Last month Intel Australia sponsored a National Summit on the Internet of Things in Canberra. A common theme emerged from the event: that, like all governments, Australia stands to benefit enormously from all IoT has to offer.
Aside from to the “wow” factor of smart coffeepots, cars and thermostats, IoT has the potential to achieve something much grander that can result in a legacy most politicians only dream of: serving the public better on a dwindling budget.
IoT can, and should, supplement the belt-tightening of government budgets, not add to the tally. In fact, it has been estimated that governments around the world stand to gain $US4.4 trillion over the next ten years if they integrate IoT into their service delivery. This is a beautifully evolving proposition, especially for policymakers who were elected to solve big problems without big resources, and that would include all of them.
None of this RoI for government will require building new roads, hospitals, runways or ports. Rather, imagine a device no bigger than a tennis ball attached to an existing vehicle, road, hospital, runway or port, that can produce measurable improvements in crime, traffic congestion, pollution, energy costs, failing infrastructure or response to a terrorist attack. But these solutions cannot be realised through private sector innovation alone. It will require the political will and initiative from policy makers to get things done.
Take traffic as one “big problem small budget” example. If governments have a choice of whether to outfit their public transportation system with miniature sensors at a cost of less than a thousand dollars per bus, or launch a multi-million dollar road construction project, the budget implication is clear. Not to mention the minimal disruption required to achieve the goal. And this is just one piece of the IoT pie. More examples like this loom large and are not only within reach, they are happening around the world today.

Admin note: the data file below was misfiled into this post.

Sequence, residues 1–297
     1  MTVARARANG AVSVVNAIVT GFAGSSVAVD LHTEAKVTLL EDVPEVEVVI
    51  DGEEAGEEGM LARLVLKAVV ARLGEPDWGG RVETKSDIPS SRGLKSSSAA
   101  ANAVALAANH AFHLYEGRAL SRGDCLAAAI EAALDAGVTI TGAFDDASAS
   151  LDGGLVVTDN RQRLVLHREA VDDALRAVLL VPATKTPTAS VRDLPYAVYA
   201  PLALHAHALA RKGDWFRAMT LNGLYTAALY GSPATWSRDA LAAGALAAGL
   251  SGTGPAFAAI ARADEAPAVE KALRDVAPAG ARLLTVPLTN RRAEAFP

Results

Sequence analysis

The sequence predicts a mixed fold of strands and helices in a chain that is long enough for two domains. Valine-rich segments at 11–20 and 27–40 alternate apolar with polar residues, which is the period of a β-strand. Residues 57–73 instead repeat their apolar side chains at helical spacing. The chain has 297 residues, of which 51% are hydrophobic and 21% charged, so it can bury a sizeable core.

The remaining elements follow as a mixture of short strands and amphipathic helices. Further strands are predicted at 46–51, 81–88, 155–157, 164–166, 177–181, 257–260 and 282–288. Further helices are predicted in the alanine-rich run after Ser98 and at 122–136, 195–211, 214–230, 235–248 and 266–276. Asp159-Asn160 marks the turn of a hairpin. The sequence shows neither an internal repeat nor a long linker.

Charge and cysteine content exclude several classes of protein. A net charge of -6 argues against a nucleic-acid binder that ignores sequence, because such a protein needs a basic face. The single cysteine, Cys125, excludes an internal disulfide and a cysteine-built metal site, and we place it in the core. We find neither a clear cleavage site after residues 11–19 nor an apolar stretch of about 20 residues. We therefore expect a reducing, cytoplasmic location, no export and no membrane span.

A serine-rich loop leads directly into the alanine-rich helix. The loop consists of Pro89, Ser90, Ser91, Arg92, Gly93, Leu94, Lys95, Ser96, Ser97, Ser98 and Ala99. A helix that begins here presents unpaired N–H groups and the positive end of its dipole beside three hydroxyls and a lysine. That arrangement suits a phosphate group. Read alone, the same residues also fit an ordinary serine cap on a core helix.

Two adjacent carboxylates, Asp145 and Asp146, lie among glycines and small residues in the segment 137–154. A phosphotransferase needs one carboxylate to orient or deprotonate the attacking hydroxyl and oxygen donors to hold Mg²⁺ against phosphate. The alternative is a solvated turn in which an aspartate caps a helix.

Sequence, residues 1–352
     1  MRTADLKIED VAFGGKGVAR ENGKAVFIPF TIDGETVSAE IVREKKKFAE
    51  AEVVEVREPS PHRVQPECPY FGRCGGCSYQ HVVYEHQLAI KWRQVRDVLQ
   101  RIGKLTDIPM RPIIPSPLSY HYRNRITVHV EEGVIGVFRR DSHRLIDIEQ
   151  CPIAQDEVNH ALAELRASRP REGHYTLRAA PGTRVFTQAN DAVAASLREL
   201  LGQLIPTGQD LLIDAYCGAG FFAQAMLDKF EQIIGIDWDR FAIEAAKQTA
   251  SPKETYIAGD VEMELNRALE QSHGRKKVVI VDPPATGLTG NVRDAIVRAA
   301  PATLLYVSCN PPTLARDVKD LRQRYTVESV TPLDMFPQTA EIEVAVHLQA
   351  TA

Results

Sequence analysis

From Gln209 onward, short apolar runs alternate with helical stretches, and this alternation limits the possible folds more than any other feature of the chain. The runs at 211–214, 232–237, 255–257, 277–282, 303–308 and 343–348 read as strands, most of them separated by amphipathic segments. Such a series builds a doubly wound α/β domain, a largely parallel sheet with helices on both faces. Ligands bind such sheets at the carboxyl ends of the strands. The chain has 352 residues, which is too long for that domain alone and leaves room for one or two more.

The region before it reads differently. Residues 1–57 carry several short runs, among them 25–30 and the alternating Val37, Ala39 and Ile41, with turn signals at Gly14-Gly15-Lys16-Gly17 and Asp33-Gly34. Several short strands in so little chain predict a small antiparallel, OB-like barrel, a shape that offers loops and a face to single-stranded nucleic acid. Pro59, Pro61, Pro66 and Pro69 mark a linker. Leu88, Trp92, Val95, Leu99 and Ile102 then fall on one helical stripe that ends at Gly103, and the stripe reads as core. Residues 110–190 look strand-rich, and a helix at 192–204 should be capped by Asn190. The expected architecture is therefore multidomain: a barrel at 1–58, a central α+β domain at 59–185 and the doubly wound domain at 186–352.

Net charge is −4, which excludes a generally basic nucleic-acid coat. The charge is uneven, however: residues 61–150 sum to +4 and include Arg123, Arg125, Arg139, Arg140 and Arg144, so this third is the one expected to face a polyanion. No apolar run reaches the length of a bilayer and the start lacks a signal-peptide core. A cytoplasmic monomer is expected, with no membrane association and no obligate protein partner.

The need for governments to embrace, and indeed spur, the adoption of IoT should not be a subject for partisan debate. In fact, IoT could help mend fences. The IoT ‘pie’ is big enough for all policy makers to champion a piece based on their constituency. Consider enhanced agriculture exports using less water, enhanced mining or manufacturing operations with less pollution, or easing urban crowding without more trains. IoT offers a cost-effective solution never before witnessed in the realm of public service, with potential results that will last for generations.
Rarely is there something as close to a silver bullet as IoT could be for some of these most difficult challenges in our society today. To achieve this success, however, governments need to collaborate with industry so they can identify the most pressing social problems, such as population growth, and work with the experts on what is technically possible in a one, three, five or 10 year timeframe.
Similarly, when it comes to policymakers pondering the regulation of IoT, it is critical that there is a sensible balance between oversight and overregulation. We have to get this right lest we miss the IoT opportunity. The US Congress recently held hearings on a bipartisan (yes, bipartisan) resolution calling for a national vision for IoT. This is but one example.
To be sure, IoT also brings its own challenges that will need to be addressed. Security, privacy and safety are all fair game for the IoT policy debate, and should all be discussed like any good policy discourse. The key consideration is to ensure any regulations do not hamper innovation.
No country today is immune from political tension and exasperation. Political consensus on how to invest scarce government resources to provide better public services is elusive at best. Rather than IoT creating debates over how projects will be funded or whose electorate gets what share, IoT has the potential to bring about a new and welcome political dynamic where policymakers can all have a piece of the pie, regardless of their partisan leanings. This is a good thing because there is enough of that pie to go around, and even more to come.